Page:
On July 21, 2015, a political controversy broke out in Telangana when the Telangana chief minister K Chandrashekar Rao summoned the then State Chief Electoral Officer (CEO) Bhanwar Lal to the Chief Minister’s camp office for a meeting. This summoning of an official under the ECI by the chief minister was a violation of Section 13CC of the Representation of People’s Act.

At the meet, the CM requested the CEO to expedite NERPAP and delete bogus voters from Greater Hyderabad region – calculated to be 15 lakhs by the TRS. Various political parties then alleged collusion between the ruling TRS government and the CEO.

At the time when NERPAP was being implemented the District Electoral Officer (DEO) for Greater Hyderabad, to whom the EROs of a district report to, was Somesh Kumar who was also the Greater Hyderabad Municipal Corporation (GHMC) commissioner. Somesh, referred to as “the blue-eyed boy of TRS” by Shashidhar Reddy, was at the time supervising the execution of NERPAP for the 24 constituencies that come under greater Hyderabad. He was directly responsible for serving these notices to voters in the Greater Hyderabad region.

After the ECI enquiry into the unserved notices, Somesh was shifted out of GHMC towards the end of 2015, albeit temporarily, to the post of Principal Secretary of the Tribal Welfare Department. He later represented Telangana in the GST council and now handles Commercial Taxes and has an additional charge of the Excise Department.

Shahsidhar Reddy accuses KCR, Somesh Kumar and Bhanwar Lal of conspiring to delete voters from electoral rolls of 24 assembly constituencies under Greater Hyderabad where the TRS did not gain major support in the 2014 state polls.  The TRS had won just three seats from these 24 constituencies, while seven seats were won by AIMIM and 14 seats were won by the TDP.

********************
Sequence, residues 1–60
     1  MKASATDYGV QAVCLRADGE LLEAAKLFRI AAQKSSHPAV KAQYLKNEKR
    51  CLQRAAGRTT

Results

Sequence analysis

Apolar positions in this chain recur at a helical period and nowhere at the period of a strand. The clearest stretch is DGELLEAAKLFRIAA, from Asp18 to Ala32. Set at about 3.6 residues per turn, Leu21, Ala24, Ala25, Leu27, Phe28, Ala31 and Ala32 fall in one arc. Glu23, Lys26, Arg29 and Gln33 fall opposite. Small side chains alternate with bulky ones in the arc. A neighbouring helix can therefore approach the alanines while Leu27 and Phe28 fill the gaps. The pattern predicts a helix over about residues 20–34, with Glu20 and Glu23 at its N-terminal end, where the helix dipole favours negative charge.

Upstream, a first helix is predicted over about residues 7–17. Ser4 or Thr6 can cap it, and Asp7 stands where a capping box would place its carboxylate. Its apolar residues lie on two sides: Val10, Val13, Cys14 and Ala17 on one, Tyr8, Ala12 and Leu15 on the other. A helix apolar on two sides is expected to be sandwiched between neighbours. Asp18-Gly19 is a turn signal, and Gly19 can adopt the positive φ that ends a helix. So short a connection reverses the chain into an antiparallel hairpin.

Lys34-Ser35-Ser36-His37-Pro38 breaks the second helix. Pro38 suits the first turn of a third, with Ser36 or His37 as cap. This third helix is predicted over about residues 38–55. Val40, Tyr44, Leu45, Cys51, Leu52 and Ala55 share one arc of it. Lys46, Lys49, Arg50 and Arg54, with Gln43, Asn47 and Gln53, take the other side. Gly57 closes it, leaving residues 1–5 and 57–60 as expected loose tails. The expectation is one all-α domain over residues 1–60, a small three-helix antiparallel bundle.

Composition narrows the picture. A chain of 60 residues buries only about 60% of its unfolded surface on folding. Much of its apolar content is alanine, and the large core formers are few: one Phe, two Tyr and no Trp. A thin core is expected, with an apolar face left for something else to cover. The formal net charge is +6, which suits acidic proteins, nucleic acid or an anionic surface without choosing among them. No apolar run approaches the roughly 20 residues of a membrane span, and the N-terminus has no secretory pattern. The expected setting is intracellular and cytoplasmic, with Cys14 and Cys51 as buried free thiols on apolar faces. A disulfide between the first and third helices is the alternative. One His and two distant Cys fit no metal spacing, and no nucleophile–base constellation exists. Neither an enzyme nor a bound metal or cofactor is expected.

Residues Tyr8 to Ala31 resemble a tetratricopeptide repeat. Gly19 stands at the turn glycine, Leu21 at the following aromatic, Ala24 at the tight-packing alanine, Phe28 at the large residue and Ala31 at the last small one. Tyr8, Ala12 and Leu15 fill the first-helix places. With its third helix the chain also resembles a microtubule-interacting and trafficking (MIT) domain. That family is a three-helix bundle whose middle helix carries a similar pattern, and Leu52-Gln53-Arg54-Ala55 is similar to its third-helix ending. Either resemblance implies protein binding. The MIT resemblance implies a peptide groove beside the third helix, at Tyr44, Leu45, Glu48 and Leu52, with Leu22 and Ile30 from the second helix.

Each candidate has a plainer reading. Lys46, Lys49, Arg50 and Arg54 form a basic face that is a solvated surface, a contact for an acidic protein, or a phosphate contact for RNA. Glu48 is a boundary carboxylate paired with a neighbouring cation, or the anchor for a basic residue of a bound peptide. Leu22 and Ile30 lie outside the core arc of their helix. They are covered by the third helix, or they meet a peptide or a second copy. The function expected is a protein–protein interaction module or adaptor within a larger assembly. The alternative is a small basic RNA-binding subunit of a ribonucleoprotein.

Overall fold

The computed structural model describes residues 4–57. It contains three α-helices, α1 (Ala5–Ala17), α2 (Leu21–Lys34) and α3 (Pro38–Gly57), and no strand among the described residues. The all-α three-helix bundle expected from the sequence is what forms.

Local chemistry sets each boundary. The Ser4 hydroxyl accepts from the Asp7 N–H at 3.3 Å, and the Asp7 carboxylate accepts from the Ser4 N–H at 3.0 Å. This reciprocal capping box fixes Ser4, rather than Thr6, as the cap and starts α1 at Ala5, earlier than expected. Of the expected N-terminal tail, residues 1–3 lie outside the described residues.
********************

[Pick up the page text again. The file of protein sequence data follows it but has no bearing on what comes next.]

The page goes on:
Somesh was unavailable for a comment. Bhanwar Lal refused to comment on anything related to Telangana elections and NERPAP implementation.

Bogus voters remain

Despite NERPAP, subsequent Intensive Revision of Electoral Rolls and yearly summary revisions, Telangana’s electoral rolls are still rife with duplicates and bogus voters. TNM had earlier done a ground report at Nampally constituency using addresses from the final electoral rolls released by the state EC on October 12 and found many discrepancies.

Moullim Mohsin Alkasary, a High court advocate, claims there are as many as 3,22,476 duplicates/bogus voters in Telangana, out of the then 2.82 crores voter population in the state. He came upon this number after having inspected state EC documents related to NERPAP using RTI, he says.

“I have been fighting to bring transparency in the electoral rolls from 2003, but people don't care nor do they understand why it is important to care,” says Mohsin, who claims that the state EC headed by Banwar Lal had completed 98 % of NERPAP in Telangana and Andhra Pradesh before the process was suspended by the SC.

“There are 30,64,434 lakh duplicate or bogus voters in greater Hyderabad limits, 1,15,547 bogus voters in Nampally constituency,” Mohsin claims.

When the present state CEO Rajath Kumar was alerted about the discrepancies, he assured the matter will be looked into. Election Commissioner of India OP Rawat, when asked about bogus voters still present in the electoral rolls, responded by saying, “Most of the problems we found were with duplicates. Many times, we had to manually scan and remove duplicate voters. Some cases, there were errors which we rectified using all the technology available to us. We have resolved most of the complaints that we have received”. He, however, admitted that bogus voters were still present in the electoral rolls that Telangana will be using for the upcoming state elections.

Click here to follow TNM's coverage of the Telangana Assembly Elections 2018.